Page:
dayoutlast is a record of my direct engagement with mostly contemporary art, mostly Los Angelean.

As this blog has evolved since its 2010 inception, so has my perspective. What I once perceived as central within the investigation was what was central, literally, within the photographic frame that I shared here. While still an important consideration, such thinking has also given way to more peripheral considerations, ones also accompanied occasionally by text (written manifestation of thought) and the oscillations between them. What's missing here are larger unknowns surrounding issues of presentation and representation; the amount of time and space it actually takes to accomplish such first-hand observations; and the quandaries between documentation and interpretation.

Despite my attempt to communicate here with image and text what is essential in some respect about the artwork, neither representation should ever be considered a substitution for the primary viewing experience. Of course, occasionally there are exceptions.

Most of the time, these posts are merely remnants---residual fragments---from my last day out.

Sunday, January 28, 2018

"Condemned to Be Modern" @ Los Angeles Municipal Art Gallery

Lucia Koch
Light Corrections - Minus Green, 2017
site-specific intervention (light filters)

Lucia Koch
The Doors, 2017
site-specific intervention (light filters)

Leonor Antunes
discrepancies with M.G., 2011-2017
mixed-media installation 
(cork, rubber and brass tiles with hanging rope and brass elements)

Clarissa Tossin
Ch-u Mayaa (Maya blue), 2017
HD single-channel video projection, color, sound
TRT: 17:55 minutes

Runo Lagomarsino
ContraTiempos, 2010
projection of 27 color 35mm slides
TRT: 5:24 minutes

Manuel Pina
On Constructions and Utopia II, 1999
16 gelatin silver prints

A fan of both Lucia Koch and Leonor Antunes, I was not such a fan of the tension that was created between their works in this exhibition. Both artists work relying intensely on subtlety, they clashed continuously as neither work was afforded a clear view on its own. (Perhaps this is an interesting point about boundaries and relations....?) Instead, by their proximity, one was always looking at one at the expense of the other.  That concern aside, Koch's "interior" works were perfectly placed between doors on opposing sides of the central axis of this space. Antune's would have fared well in its own autonomous space, in the same way that a time-based work like Clarissa Tossin's or Runo Lagomarsino's were given isolated spaces.  On that point, while Tossin's work certainly benefited from its own theatrical/cinematic space, it could have also functioned in closer proximity to others. Of course, I liked it the way it was, especially as the lights and darks required such an isolated view.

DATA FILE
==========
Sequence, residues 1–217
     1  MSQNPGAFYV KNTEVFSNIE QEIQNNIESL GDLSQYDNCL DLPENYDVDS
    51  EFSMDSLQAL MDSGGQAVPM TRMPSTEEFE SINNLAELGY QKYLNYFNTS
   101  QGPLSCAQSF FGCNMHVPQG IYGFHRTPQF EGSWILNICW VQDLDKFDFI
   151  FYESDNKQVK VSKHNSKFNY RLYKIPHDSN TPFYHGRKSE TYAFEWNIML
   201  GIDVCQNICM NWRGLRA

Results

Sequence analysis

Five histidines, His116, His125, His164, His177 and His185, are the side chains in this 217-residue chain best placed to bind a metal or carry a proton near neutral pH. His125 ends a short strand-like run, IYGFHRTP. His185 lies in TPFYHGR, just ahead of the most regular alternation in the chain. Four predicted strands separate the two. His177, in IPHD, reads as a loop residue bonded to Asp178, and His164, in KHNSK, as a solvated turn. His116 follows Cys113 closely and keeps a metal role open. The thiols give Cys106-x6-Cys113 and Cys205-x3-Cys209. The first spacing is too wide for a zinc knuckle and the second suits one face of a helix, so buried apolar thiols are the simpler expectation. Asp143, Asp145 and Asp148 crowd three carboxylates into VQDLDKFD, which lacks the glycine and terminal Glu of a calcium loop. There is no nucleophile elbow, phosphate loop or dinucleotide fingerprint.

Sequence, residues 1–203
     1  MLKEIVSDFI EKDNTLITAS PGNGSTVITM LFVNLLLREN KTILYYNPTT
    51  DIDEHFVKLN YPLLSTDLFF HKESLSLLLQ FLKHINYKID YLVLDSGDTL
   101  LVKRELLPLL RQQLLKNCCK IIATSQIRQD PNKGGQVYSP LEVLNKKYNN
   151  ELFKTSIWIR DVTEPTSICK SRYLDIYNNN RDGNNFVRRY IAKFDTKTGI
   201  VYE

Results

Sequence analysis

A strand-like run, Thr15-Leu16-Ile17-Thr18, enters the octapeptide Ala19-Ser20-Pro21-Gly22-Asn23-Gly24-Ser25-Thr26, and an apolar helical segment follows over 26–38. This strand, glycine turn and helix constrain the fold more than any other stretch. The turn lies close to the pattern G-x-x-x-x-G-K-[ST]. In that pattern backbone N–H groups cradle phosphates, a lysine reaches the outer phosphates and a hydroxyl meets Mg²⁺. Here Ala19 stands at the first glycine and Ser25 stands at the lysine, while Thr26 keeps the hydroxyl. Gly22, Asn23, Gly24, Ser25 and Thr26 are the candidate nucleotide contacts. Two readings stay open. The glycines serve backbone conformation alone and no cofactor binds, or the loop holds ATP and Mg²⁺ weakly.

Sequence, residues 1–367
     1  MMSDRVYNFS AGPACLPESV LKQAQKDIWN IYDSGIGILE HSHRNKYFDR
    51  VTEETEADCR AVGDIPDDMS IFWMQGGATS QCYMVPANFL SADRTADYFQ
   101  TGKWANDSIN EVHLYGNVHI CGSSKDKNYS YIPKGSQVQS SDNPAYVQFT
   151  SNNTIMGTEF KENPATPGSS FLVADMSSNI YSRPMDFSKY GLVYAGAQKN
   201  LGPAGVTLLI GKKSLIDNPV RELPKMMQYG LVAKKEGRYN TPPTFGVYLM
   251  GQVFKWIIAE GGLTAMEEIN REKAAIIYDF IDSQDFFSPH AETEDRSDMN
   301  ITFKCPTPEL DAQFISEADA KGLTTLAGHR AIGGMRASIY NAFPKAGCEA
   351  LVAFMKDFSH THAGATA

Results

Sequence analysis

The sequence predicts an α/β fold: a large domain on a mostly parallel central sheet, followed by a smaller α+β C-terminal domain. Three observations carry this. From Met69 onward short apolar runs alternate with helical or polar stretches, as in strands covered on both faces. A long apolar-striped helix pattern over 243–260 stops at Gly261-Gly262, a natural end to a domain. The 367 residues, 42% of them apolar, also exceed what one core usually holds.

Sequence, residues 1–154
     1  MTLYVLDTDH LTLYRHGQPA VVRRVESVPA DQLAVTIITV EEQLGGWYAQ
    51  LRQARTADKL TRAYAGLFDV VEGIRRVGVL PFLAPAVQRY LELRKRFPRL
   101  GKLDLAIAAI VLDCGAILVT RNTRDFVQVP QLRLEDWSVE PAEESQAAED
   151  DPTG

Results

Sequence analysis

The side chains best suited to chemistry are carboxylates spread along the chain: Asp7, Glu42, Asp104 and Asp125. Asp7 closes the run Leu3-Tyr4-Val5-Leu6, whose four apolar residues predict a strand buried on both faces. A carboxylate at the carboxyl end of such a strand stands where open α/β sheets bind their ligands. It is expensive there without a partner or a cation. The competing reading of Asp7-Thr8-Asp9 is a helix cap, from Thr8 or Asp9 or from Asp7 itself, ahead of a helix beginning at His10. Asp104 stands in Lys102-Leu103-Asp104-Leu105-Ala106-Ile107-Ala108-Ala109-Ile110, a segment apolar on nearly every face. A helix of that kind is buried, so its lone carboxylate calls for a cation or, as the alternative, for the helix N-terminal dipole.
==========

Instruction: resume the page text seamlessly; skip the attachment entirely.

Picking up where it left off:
Unfortunately, these kind of installation decisions outweighed the ability to view most of these works with the kind of clarity that such quiet works often require.  That fine line between appropriate threshold and boundary is an ongoing one, certainly as it pertains to built environments in general, especially those that would attempt to capitalize, or at the very least, conflate the relations between interior and exterior conditions, the ones modernist architects were quick to exploit in both south and north America, particularly southern California domestic spaces, rooted namely in someone like Frank Lloyd Wright.  So, while the direct view suffered for many works in this exhibition, they were thematically on point including with respect to larger issues. Thus, for example, the overlaps as in  Antune's fine lines and Koch's architectural interventions made the notion of intersection noticeably, and potentially fruitfully problematic.

Aside from this viewing challenge and associations about western hemisphere architectural developments over the past one hundred years or so, the works I share from Condemned to Be Modern were rather engaging especially as the proto-modernist architecture context pushed the dialogue further in the directions of architectural frameworks, site-dependency, and other referents within all the artwork that I embraced, the ones that were seeking attention regarding the conditions of place, conditions that perpetually persist, yet somehow seem worthwhile to improve.

Improve is one word; condemn is another. Are such terms opposing sides of the same coin? When I think of a condemned place, I think of one that is labeled to be destroyed, if not physically at least socially, banished perhaps.  With the title of this exhibition, then, comes a certain kind of inevitability and acceptance about how pure ideas dissolve into layers and fragments of various realisms. Some continue; others fade into obscurity.  Improvements may not be what they purport to be.  Thus, this exhibition problematizes the issues more so than proposing any kind of solution.  So, I can accept the lack of resolution (re-solution) in its fruition or lack thereof.  That said, since Condemned to Be Modern seemed to revolve so intently around our built environments, it would have been nice to see more physical work, literally sculptural works built in the exhibition environment.  This particular show would have also thrived with strategically constructed, temporary partitions, to be thought about more so as a kind of semi-permeable (passable) bridge, a structure to transcend two sides, inside/outside, past/present, north/south, and so on...

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